Part of memoirs of Seyed Mohammad Sadr

Selected by Faezeh Sasanikhah
Translated by M. B. Khoshnevisan

2024-2-7


One day, while I was driving with my Peykan, I entered from Dowlat Street to Shariati Street and saw Mr. Motahari who was waiting for a taxi. Of course, he had a car of his own and I don’t know why he was on foot on that day. Maybe, it was an opportunity for me to see him. In those days, I knew that he had visited the imam. I stopped the car and he got in. He was very kind to me and I also respected him very much. After greetings, I gave him a copy of Payam magazine from under my seat.[1] This magazine was published by the Freedom Movement and on top of it, an ayah from the holy Quran which says “Those who convey the messages of God” had been printed. With this ayah, it was easy to know that this magazine belonged to Muslims and that the news of the revolution was included in it. The importance of this publication was due to the fact that at that time no news was published due to the strike of newspapers such as Ettela’at and Kayhan, etc.[2] So this magazine was very important. I also always had six or seven copies in my car and distributed them. Therefore, when Mr. Motahari got into the car, I gave him a copy. As he took the magazine from me, he asked: "Whose magazine does it belong to?" I said: "It belongs to the Freedom Movement." He looked at and left it to study another time. I said to him: "Have you been to Paris? Was it good?" He said: "Yes. It was good." I said: "Did you see the imam too?" "Yes," he said. I said: "How was he?" This is the same term that he used with a joking and serious attitude. He said: "The Imam has been sitting in Paris, growling like a lion and not listening to anyone!" I was surprised and asked, "What do you mean by that?" And he explained that "most of the people who come from Iran to visit the Imam advise him to slow down the movement of the revolution and say that the revolution has intensified and is going very fast and we don't know where it will end. Maybe the people will abandon the revolution and do not accompany you; but he says in response, you are wrong. You have not known the people. Our people are the best people in the world and they come wherever we go. Whenever we the clerics came to the stage, people came with us and they sat in their houses when we sat in our houses; So don't advise me to slow down the movement of the revolution."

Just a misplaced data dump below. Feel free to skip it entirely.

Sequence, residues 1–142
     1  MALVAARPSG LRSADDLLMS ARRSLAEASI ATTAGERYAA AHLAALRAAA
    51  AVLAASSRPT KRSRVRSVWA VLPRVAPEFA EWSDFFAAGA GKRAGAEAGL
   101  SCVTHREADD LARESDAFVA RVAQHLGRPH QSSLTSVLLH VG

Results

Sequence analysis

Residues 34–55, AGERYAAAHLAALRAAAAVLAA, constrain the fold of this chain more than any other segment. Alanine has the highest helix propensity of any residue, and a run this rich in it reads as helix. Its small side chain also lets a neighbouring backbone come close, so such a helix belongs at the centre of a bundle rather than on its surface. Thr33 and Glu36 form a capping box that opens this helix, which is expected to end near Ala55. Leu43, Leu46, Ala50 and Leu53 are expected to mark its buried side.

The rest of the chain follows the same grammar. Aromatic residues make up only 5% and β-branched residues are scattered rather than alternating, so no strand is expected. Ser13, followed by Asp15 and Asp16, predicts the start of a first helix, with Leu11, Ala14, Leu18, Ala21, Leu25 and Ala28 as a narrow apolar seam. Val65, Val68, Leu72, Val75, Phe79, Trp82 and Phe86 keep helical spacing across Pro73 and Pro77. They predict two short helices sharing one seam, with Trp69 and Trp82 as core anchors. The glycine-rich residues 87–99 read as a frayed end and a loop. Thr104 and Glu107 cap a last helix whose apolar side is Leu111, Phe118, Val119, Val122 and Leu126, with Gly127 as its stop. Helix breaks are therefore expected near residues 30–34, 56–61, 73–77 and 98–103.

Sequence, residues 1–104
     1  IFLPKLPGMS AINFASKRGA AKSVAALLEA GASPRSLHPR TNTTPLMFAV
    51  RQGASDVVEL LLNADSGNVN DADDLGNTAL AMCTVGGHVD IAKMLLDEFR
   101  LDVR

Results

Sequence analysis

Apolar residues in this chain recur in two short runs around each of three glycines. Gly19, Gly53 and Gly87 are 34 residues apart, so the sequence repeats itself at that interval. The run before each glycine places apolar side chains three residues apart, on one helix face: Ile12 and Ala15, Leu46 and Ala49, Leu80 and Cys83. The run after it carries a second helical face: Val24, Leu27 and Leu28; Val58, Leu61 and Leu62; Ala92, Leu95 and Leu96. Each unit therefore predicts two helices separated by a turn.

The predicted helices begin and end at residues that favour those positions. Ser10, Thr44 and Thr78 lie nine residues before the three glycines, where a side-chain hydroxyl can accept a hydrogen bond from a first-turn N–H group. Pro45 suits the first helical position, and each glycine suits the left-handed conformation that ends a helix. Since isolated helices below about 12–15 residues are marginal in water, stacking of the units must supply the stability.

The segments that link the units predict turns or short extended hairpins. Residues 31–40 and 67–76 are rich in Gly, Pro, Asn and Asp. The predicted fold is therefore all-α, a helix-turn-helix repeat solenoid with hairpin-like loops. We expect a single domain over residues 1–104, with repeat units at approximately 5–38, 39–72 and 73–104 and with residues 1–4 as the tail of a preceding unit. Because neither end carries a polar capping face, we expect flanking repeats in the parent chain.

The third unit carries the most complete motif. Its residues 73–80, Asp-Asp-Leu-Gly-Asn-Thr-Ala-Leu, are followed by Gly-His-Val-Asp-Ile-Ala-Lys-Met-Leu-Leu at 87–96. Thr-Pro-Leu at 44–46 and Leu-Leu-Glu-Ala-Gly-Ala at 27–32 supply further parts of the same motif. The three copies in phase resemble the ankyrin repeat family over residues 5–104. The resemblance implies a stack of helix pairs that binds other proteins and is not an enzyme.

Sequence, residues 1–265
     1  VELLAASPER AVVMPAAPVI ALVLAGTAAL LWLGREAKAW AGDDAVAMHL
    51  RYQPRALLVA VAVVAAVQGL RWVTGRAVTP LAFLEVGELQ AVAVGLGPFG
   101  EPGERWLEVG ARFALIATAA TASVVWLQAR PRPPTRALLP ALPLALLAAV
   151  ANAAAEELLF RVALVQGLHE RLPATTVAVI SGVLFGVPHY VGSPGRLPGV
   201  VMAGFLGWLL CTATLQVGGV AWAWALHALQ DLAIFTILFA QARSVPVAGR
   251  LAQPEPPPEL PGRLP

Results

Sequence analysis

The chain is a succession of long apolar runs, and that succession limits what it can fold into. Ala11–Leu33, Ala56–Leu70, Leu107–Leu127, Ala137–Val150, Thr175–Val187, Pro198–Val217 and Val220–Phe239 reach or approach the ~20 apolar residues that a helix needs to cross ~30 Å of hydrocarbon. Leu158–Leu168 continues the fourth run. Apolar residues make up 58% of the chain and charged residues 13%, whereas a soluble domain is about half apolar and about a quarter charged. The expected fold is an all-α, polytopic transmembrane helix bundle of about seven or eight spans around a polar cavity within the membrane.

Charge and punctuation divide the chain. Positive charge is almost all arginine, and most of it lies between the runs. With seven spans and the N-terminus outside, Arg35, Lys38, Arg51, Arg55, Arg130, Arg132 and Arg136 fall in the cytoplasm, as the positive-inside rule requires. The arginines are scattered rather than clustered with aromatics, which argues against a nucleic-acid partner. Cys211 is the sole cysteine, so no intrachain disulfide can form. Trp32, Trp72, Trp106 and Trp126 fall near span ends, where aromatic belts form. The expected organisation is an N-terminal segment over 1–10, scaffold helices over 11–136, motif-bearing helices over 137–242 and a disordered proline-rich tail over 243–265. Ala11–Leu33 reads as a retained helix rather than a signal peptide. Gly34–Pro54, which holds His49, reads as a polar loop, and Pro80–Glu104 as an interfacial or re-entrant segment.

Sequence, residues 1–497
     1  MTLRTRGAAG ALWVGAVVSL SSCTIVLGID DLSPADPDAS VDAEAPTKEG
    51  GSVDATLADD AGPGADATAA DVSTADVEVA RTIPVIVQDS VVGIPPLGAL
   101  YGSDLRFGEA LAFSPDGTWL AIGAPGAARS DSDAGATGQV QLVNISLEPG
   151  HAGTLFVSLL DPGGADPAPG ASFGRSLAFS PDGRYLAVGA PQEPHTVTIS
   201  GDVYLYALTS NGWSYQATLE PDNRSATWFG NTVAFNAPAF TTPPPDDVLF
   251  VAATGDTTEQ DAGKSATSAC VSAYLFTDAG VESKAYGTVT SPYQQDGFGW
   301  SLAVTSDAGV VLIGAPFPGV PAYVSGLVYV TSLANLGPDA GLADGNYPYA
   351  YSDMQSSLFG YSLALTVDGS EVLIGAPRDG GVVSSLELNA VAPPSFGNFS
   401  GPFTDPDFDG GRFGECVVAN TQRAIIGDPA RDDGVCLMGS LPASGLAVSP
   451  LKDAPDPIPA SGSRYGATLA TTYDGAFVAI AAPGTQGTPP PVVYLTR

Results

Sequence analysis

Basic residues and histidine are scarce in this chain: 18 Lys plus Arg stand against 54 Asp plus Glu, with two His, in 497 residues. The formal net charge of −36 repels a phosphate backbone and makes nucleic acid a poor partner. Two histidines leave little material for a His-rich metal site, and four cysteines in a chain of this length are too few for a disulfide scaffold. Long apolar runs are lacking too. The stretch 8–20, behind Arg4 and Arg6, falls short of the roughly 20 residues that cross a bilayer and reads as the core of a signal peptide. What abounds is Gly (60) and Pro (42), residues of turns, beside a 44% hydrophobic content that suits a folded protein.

Apparently, the Imam was mainly advised: "You... give up on your desire, which is to change the regime, and accept this royal council, and in the end this Shah or the next Shah will rule, not the government"; but Imam did not accept.

Anyway, when the conversation between me and Mr. Motahari reached here, he addressed me and said: "Mr. Sadr! Let me tell you something. I have studied the history of all the leaders who have created a transformation in their society, including religious, Marxist, national or other ones. I have read the biography of Mao, I have studied the life of Lenin and even Castro; but I have never seen any of them believe in people as much as Imam. Truly, Imam's belief in the people cannot be compared with the belief of any leader, and with these honest, pure, revolutionary and loyal people, the revolution is victorious.

In continuation of his words, Mr. Motahari emphasized, “when I (Motahari) asked the imam: Sir, where does this movement go? How long does it take? Will these movements achieve victory at all?" He answered with the belief he had in the people and with the confidence of his heart: "I am one hundred percent sure that this revolution will win; because in this new stage of the movement, things have happened to me that made me believe that God is involved in this movement, and because it has been proven to me that God's hand is at work, then this movement will win, even though I don't know the time."

After this conversation, Mr. Motahari reached his destination and we said goodbye to each other, and this memorable memory remained in my mind forever.[3]


[1] Payam magazine was the organ of Iran's Freedom Movement and its first issue was published in Mordad 1357/Ramadan 1398 (July 1978). The fourth issue of this magazine was published in Dey 1357 (December 1978).

[2] On the morning of 15th of Aban 1357 (November 6, 1978), before the formation of Azhari's military government was announced, the radio and television building as well as the mass media buildings were seized by the military and a number of people of media were arrested. Following the incident, the journalists went on strike while protesting the way the military government dealt with the press and this government's attempt to completely censor the contents of the newspapers. This strike lasted for 62 days until on 15th of Dey 1357 (January 5, 1979), the board of directors of the Syndicate of Press Writers and Journalists announced the end of the strike by issuing a statement. (Islamic Revolution Timeline Journal, vol. 7, p. 379 and vol. 9, p. 368).

[3] Qobadi, Mohammad, Revolution and Diplomacy in Memoirs of Syed Mohammad Sadr, Sooreh Mehr, 1393 (2014), P. 232.



 
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